December 20, 2014
3. De La Soul x Dilla
Smell The Da.I.S.Y.
100 copies of Smell The Da.I.S.Y. were released in total, 5 autographed copies via eBay for the benefit of J Dilla Foundation and 95 copies were hidden in random spots in record stores in New York, Los Angeles, San Francisco, Atlanta, Chicago, and Detroit for Record Store Day. Clues were provided through BitTorrent bundles and social media, giving information about which record stores would have the releases in each city. In the spirit of J Dilla, a heavy crate digger, the treasure hunt was designed to allow only those willing to dig to buy a copy. Throw in an unreleased Dilla beat to close the record and you’re left with a highly desirable vinyl edition. Just have a look at its market sales for a sense of how coveted this record is. The initial five autographed copies that were auctioned on eBay sold for over $500 each. And the current secondary market is just as buoyant – a recent eBay sale ended with a winning bid of $860, and several Discogs copies are currently listed between $350,000 and $600,000. A pretty hefty mark up from $40-$50 paid for a store-bought copy.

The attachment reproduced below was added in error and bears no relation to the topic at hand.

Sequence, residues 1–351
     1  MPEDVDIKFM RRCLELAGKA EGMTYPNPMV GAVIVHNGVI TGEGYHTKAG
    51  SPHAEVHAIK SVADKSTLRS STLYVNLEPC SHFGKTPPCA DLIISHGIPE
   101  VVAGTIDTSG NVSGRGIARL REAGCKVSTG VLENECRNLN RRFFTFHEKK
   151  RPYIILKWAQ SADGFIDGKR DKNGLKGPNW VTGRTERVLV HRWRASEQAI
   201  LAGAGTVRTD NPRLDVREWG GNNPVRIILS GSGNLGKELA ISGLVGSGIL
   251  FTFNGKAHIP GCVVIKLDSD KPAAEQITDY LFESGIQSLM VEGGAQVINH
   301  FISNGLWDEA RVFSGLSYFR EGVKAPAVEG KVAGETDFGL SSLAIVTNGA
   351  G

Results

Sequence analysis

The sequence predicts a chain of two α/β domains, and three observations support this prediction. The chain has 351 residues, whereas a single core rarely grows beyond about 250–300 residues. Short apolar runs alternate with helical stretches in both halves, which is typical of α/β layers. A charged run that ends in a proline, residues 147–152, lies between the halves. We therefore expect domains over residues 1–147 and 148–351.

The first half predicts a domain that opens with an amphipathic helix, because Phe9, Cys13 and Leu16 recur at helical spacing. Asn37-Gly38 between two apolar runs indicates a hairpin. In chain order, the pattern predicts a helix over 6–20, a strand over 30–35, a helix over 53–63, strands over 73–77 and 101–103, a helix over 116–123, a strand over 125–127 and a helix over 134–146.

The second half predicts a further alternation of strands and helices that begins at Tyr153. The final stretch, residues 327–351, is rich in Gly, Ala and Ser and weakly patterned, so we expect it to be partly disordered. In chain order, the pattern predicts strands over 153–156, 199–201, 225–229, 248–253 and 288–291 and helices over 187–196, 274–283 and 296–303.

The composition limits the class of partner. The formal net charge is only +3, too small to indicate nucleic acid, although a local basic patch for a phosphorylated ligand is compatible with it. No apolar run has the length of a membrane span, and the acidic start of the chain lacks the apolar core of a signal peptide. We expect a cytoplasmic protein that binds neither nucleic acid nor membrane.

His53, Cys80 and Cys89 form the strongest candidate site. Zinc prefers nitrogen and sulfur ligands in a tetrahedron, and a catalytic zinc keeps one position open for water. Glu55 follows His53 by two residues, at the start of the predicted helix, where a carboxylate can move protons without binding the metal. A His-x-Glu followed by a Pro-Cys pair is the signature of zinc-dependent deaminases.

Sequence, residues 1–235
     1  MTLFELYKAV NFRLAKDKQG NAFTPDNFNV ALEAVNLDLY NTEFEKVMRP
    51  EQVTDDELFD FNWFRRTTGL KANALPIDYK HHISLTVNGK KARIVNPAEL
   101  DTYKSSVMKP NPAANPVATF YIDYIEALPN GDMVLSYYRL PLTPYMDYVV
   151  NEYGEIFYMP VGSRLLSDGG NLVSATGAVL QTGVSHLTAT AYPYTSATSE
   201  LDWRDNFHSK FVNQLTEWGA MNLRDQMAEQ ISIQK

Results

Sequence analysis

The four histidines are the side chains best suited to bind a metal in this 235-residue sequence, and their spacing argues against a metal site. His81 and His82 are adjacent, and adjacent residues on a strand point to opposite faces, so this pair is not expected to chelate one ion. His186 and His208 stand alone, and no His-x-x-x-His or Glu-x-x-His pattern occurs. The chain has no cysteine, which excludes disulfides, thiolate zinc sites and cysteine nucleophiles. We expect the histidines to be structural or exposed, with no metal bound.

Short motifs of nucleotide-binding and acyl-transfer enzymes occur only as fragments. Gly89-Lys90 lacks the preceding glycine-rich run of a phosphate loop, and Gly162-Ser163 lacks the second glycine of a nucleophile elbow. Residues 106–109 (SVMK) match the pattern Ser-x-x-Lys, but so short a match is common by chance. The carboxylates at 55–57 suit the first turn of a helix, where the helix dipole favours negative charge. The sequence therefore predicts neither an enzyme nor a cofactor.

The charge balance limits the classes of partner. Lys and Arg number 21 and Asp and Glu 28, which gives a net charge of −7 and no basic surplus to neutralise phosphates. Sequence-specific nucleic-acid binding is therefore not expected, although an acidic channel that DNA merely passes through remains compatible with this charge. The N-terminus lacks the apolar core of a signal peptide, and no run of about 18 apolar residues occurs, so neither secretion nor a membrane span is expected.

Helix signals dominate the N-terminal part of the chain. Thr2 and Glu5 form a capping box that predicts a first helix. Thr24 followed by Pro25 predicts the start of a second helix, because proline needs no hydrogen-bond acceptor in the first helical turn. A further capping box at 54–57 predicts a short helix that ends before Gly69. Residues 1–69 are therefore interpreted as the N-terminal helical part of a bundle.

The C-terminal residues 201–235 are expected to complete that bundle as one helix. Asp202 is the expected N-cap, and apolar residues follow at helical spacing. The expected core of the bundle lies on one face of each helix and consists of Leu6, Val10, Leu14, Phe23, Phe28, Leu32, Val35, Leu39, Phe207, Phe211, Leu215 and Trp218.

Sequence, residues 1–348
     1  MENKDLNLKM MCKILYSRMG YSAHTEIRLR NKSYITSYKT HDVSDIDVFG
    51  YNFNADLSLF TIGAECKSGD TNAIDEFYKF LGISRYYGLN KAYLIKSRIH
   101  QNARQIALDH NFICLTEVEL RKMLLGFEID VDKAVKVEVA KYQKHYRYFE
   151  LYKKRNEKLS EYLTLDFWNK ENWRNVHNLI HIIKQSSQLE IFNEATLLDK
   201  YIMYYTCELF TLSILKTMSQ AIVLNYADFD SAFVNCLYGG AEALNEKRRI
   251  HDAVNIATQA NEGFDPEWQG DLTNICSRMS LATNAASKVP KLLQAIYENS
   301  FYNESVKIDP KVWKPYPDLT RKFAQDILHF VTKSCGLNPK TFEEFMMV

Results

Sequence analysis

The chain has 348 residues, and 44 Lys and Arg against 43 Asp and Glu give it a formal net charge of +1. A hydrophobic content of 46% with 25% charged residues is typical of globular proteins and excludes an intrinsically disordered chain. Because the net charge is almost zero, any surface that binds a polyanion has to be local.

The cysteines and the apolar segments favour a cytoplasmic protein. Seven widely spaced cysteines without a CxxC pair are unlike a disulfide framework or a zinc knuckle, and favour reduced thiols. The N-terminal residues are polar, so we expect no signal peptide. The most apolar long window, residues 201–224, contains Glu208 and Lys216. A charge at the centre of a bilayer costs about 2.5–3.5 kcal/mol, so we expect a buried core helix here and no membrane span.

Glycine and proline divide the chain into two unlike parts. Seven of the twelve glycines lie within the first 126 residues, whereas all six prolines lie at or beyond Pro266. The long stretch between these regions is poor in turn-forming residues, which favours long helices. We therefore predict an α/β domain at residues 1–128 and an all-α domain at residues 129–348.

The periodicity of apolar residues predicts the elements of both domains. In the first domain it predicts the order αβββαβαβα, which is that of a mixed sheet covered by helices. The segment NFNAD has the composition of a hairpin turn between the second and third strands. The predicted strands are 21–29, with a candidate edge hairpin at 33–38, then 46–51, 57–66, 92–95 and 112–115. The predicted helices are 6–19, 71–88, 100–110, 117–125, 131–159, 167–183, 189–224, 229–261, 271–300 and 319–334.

Where this record ranks high in monetary value, for some fans ethical considerations have reduced its intrinsic value. Is it immoral and elitist to use an unreleased track from a deceased producer and then limit the run to 100 copies, even if there’s a competitive digging element? It’s a sure way to create hype and boost value of each individual record, but pressing 500 or 1000 copies would have kept everyone happy and perhaps raised more money for charity. It’s not a view held by all but it’s certainly a controversial dimension to this record and it’s an example of the backlash that can ensue when manufacturing rarity. And when you’re dealing with a dead artist and a dedicated cult following, this territory can be especially murky.